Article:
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Jerez track surface too abrasive for understanding tyres

ESPN Staff
February 8, 2013 « Set-back for Ferrari at Jerez | Kerb damage briefly halts testing »
High levels of abrasion have caused issues for the tyres this week © Sutton Images

The abrasive track surface at Jerez could result in Formula One seeking an alternative pre-season test venue in the future as the teams and Pirelli have struggled to gain any meaningful data on the 2013 tyres this week.

All the teams and drivers have noted Jerez's abrasive surface which, combined with cool temperatures, means the tyres have suffered from 'shredding' - when strips of rubber come off the tyre rather than the usual marbles. Pirelli motorsport boss Paul Hembery said the main cause is that the track is more abrasive than it has been in recent years.

"It's got quite substantially worse than last year," he said. "We've seen quite a lot of shredding in the tyres and it seems to be a lack of bitumen in the tarmac, so you're looking at a very open surface. That's meant that a track that has historically been very interesting for doing tyre compound work has been dominated by that effect.

"It's a shame because the conditions aren't bad, and in February you struggle to get anywhere over 20C in Europe. It's slightly disappointing from that point of view, but it's quite a big evolution [in the track] even from last year. It [the condition of the surface] is so far away from anywhere else you're going to see in terms of macro.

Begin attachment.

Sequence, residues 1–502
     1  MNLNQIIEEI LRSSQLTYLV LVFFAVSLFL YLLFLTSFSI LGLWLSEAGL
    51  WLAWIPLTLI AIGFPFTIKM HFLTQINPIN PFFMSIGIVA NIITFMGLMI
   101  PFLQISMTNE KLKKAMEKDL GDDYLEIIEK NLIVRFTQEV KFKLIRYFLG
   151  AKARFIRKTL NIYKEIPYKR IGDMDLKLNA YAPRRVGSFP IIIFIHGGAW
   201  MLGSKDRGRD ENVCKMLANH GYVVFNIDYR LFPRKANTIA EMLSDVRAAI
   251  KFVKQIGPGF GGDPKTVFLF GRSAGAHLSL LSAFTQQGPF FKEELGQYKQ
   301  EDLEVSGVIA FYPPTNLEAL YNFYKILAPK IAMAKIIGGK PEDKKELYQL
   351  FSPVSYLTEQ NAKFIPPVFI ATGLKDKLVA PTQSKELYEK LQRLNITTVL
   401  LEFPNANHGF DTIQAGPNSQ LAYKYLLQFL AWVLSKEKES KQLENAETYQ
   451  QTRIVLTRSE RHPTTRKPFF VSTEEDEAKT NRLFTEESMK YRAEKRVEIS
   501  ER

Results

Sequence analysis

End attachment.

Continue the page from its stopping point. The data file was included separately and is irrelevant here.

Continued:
"You can see it's very open and it's lost the bitumen aspect of it. So you're left with almost the rocks, stones and gravel almost on its own and nothing in between. It's almost like going up against a sandpaper surface. Malaysia is another track that has that, but this is well beyond even Malaysia."

However, cool temperatures throughout Europe at this time of year means realistic alternatives to Jerez would have to be further away from F1's heartland.

"You'd have to suggest Bahrain and Abu Dhabi if you want a proper test, but even then you've got different issues in terms of what they provide you with. It's difficult because it's still quite chilly in the air which suggests when we go further north to Barcelona we'll have the same problem we had last year of it being very, very cold, particularly in the morning. Even after midday you find that large parts of the track are under shadow in Barcelona so you're going from warm conditions to very cold. There's not an easy solution that doesn't involve spending a lot of money on transportation.

"The sport used to go quite extensively to South Africa if you go back many, many years. Today, for a variety of reasons, cost being one of them but also practicality if teams want to make dramatic changes between sessions and the shipping issues involved, then there isn't really a perfect solution."